I will probably stop playing this game by the end of the year, but I really want to thank the game developers for the fun experience. I will buy some "Leaf Tickets" with cash to show my appreciation.
Thank you. I love you all!
Melanie Christin (Transformice) - To me, Animal Crossing Pocket Camp could not have been more different from the past versions. They are simply the opposite.
Animal Crossing is a life simulation, the first and possibly the only game designed to be played at your leisure, respectful of your own free time. It discourages long sessions (you run out of things to do, stores run out of stock, everybody get to sleep), and makes the time passing the single most important feature of the game.
Coupled with the seasons, thousands of dialogue lines and daily schedules of your animal Villagers, time passing in real time is the core of what makes Animal Crossing a believable world, and allows for so much of emotional bonding.
This whole concept of real time passing and self-reflection has been thrown out of the window in Pocket Camp, for various reasons probably related to the platform change. The whole gameplay loop resets every three hours, stores are always open, nobody ever goes to sleep, and animals are basically just Fedex quests givers.
We are looking at two extremely different games, even though the brand and various activities look the same. As a player of Animal Crossing games for more than a decade, I felt very disappointed when the game came out, essentially because it was so different from the previous ones and did not allow me to care and get emotionally involved, but as a developer I understand why and how it came to be like it is. Mobile as a platform has a lot of codes that differ from console and PC games, and probably the retention would not be as good with a game that forces you to wait.
As for the changes I would make to Pocket Camp... When it was announced, I was truly hoping for a full fledged Animal Crossing game, but just ported to mobile. I believe that given enough work, there could be a F2P monetization system based on the level of emotional bonding you are able to form. A premium line of furniture? Some rare items that truly please your favorite character so they befriend you and stay around? Premium stationery you could send to your friends?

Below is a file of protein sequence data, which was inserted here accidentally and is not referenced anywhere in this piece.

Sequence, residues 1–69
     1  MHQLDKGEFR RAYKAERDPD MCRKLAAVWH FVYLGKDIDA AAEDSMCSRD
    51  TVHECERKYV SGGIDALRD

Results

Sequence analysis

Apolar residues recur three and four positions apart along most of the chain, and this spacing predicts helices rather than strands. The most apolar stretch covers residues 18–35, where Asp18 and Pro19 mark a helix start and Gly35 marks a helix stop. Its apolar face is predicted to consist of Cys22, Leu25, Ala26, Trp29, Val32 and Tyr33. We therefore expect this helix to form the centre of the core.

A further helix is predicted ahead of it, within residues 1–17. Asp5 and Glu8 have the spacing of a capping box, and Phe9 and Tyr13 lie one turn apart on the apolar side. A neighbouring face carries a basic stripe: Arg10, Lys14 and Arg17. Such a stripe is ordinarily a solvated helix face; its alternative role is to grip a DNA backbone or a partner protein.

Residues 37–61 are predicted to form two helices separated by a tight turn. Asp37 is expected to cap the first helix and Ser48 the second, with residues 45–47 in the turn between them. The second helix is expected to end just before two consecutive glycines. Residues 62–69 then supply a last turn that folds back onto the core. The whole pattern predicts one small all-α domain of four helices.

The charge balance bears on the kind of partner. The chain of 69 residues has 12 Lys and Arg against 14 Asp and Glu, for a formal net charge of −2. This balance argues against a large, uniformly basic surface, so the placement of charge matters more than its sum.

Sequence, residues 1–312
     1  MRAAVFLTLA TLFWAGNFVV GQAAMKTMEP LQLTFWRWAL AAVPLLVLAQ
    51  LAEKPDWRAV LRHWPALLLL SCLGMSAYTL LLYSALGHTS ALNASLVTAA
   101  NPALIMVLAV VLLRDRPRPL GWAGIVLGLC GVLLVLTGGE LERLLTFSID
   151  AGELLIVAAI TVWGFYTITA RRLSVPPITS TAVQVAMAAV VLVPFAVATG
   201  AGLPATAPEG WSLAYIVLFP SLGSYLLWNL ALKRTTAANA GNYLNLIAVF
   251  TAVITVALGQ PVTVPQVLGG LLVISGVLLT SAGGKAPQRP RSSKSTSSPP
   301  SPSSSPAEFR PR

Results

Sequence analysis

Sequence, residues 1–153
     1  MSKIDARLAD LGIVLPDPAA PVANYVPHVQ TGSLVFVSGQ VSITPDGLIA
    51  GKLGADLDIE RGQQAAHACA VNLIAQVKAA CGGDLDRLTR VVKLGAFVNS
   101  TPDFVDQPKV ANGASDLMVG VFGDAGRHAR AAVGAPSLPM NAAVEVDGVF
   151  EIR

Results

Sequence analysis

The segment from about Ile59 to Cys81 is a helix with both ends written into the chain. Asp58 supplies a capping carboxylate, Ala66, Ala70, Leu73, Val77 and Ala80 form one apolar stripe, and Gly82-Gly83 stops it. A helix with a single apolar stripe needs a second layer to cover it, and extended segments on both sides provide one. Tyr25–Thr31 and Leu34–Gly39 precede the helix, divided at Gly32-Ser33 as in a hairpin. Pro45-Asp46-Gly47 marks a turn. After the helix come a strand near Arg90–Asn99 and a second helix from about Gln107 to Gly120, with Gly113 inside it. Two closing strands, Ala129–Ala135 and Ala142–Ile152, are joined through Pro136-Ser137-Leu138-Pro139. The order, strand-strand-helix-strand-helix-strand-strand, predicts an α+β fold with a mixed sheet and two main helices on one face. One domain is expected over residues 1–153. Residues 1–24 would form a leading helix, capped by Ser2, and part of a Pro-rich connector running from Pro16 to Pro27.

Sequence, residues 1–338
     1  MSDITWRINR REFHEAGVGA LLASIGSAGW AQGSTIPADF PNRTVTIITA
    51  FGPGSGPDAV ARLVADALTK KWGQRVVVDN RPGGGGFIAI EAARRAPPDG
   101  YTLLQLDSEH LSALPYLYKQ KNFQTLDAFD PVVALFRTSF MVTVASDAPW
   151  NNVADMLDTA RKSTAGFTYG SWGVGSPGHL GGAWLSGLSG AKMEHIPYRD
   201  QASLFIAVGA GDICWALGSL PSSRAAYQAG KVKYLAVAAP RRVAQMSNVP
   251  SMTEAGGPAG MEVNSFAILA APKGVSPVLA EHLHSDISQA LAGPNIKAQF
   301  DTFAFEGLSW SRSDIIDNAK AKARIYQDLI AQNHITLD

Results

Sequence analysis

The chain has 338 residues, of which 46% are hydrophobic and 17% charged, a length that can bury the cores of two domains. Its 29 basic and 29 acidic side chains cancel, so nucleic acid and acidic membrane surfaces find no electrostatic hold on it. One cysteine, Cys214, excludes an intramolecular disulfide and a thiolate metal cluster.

But that would mean a whole redesign of the game, so it's merely just a dream. What I would do with today's version would be adding more lines to the characters, having them walk around, increase the variety of bugs/fish and have a musem to display your collection, more social features. I'm sure most of those are in the works, but the game feels very barebones as it is right now.
Kim Truong (Sims 4) - Cant help but compare it to new leaf. Great mobile game to tie me over until they decide to make and release an animal crossing game for the switch. Overall, I enjoy the game for what it is. A boiled down mobile game to spend playing for several minutes at a time, several times a day.
It is repetitious. Most of the time is spent fishing, bug catching and harvesting fruit. However, as a goal-oriented player, it will keep me playing as long as i have the desire to get certain furniture, clothing, or unlock more animals. I dont mind doing those repetitious things if it means I get to level up and unlock more animals. I always hope to see some of my favorite villagers like Papi, Genji, Maple, or Colton. It's also fun to see who else can be a potenial guest at my campsite!
The game does a great job with villager rotation compared to older games. You can freely change out animals as you unl